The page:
I use the Tokyo Metro subway system for my daily commute to the office, and I was recently impressed with the message on a poster in the metro station. The poster commemorates the 90th operations anniversary of the subway (1927-2017), saying "Underground is the future, now and in the future".
This yellow poster was designed with a motif based on the Ginza Line, the first subway in Japan, and is an astonishing poster in poorly lighted station. The year 1927 is just four years after the Great Kanto Earthquake (1923), and that earth scientists and engineers may have an image of the future while still in the midst of reconstructing the Tokyo metropolis. In these circumstances, launching subway operations may give some great hope to the citizens of Tokyo and Japan.
At noon on 1 September 1923, a magnitude 8 earthquake struck the Kanto region. My grandmother told me stories when I was a child, of how she remembered that while preparing lunch, she felt hard shaking and jumped out of the house, where she saw the ground cracking. This earthquake, based on our current understanding, was caused by plate motion between the Philippine Sea and the Eurasian plates (or the North American plate). The plate boundary fault earthquake rocked the region from Sagami Bay to the Tokyo bay mouth and Boso Peninsula. This process of deformation on the earthquake fault plane helped clarify and elucidate the mechanism of the Kanto earthquake, and this understanding is still being advanced by many researchers. This research was very assisted by the existence of so many useful earthquake records from various places all over Japan. This is an immensely great treasure of scientifically monitored, recorded, and well-described data in Japan.
Chikyu has been advancing IODP scientific drilling since 2007. Chikyu has especially focused on researching subduction-type large earthquakes in the Nankai Trough and the Japan Trench. Some very important and widely recognized scientific results have already been published in many leading scientific journals, and are helping to rewrite geology textbooks. Previous scientific thought did not believe that, the so-called a-seismic zone, in the Nankai region is where seismic slippage with significantly high slip velocity is caused, accompanied by large crustal deformation and tsunamis. The new findings from the IODP expeditions of Chikyu not only show that this is really the case, but also recent real-time data streams from the IODP Nankai Trough borehole monitoring systems reveal that slow earthquakes are frequently initiated and “jump-started” by a relatively large and nearby earthquake. It has been about 70 years since the last time the plate boundary fault slipped during the Tonankai earthquake in 1944; however, the amount of slip for each of these slow earthquakes is extremely small (about 1 - 2 cm), and it was only because of these sub-seafloor observatories that these data were recorded it, which led to this great discovery. These observatories now make it possible to monitor the process/evolution from a slow to large earthquakes, and this is likely the beginning of a new field of earthquake research.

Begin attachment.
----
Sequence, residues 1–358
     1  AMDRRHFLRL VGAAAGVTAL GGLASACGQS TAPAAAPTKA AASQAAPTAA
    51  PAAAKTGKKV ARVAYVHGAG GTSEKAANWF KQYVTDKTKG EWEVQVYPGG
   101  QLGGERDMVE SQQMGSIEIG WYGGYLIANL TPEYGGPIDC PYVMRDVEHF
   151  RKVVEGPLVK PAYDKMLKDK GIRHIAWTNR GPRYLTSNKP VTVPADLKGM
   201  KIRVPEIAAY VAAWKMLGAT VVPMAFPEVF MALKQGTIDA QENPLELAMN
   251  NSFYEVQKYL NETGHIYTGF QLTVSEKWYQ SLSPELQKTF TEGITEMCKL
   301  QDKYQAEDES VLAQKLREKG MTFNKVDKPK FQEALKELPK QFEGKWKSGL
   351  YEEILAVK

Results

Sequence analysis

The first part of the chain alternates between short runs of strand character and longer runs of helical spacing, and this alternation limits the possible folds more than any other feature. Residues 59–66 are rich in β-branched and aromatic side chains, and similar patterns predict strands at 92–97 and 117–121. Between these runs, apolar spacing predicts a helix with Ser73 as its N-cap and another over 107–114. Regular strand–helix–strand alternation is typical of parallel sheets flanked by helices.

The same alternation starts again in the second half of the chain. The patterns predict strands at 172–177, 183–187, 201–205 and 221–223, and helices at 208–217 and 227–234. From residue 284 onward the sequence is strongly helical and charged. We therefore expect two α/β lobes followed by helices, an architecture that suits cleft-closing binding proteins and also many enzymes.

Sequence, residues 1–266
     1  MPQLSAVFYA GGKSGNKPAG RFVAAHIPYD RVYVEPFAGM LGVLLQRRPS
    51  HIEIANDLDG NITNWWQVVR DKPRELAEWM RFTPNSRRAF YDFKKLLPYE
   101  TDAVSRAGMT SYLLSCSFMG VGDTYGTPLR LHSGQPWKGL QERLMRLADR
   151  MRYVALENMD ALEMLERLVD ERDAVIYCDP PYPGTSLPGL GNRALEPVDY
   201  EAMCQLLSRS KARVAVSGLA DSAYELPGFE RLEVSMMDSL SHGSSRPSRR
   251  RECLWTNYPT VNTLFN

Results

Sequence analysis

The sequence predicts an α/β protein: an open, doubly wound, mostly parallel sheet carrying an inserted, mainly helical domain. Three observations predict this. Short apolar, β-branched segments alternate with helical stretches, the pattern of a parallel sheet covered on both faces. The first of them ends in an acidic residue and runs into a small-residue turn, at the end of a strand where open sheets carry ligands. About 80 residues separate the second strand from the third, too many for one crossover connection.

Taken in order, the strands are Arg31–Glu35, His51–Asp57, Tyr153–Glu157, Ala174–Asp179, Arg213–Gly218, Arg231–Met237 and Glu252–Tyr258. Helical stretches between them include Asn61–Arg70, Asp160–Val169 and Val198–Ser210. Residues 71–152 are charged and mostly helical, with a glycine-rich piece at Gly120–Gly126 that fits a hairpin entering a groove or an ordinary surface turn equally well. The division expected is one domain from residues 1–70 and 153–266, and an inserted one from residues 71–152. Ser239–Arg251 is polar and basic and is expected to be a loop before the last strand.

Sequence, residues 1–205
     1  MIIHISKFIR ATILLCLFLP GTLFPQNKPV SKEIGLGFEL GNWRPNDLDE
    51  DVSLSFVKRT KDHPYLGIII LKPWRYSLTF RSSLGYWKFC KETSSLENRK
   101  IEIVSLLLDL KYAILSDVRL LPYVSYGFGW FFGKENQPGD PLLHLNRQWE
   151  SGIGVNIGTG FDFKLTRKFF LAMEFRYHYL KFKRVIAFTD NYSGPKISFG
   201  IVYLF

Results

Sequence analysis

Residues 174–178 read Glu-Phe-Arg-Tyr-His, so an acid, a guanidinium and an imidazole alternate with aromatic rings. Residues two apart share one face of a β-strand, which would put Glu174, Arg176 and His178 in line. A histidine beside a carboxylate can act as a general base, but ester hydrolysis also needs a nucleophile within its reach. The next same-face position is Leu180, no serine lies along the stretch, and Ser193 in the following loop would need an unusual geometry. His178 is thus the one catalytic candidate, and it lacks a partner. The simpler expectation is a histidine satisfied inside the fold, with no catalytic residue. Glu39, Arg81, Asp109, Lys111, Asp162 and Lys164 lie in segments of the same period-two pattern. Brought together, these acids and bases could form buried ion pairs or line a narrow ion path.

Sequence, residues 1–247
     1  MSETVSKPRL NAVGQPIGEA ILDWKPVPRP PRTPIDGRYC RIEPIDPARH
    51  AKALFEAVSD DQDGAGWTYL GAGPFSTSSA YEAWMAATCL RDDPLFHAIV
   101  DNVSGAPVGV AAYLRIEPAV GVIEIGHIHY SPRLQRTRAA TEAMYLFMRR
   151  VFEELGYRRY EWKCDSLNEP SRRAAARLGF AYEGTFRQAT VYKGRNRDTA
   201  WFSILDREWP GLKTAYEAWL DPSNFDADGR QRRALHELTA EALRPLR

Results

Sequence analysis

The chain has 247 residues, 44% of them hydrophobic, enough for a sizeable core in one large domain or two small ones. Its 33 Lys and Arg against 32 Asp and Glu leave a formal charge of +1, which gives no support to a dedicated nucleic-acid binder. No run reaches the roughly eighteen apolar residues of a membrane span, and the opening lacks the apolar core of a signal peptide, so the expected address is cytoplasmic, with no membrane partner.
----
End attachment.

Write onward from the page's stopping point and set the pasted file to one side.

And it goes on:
The general scale movement of the earth’s interior is very slow compared to that of our daily lives. However, the level of precision in monitoring the movements of the Earth, even such a small scale of dislocation of crust, seem to now make this possible. The subway was born from the idea of effectively and creatively utilizing underground space, and modern convenience and safety has been constructed based on such ideas. Similarly, underground borehole monitoring has the great potential to contribute to the construction of a safe and secure society through high-resolution observation and monitoring the Earth.
Indeed, "underground is the future." We in JAMSTEC are preparing the next stage of scientific drilling in the Nankai Trough in 2018, setting out to accomplish a new level of historic ultra-deep scientific drilling. Through our scientific and engineering challenges, Chikyu looks to contribute positively to our future.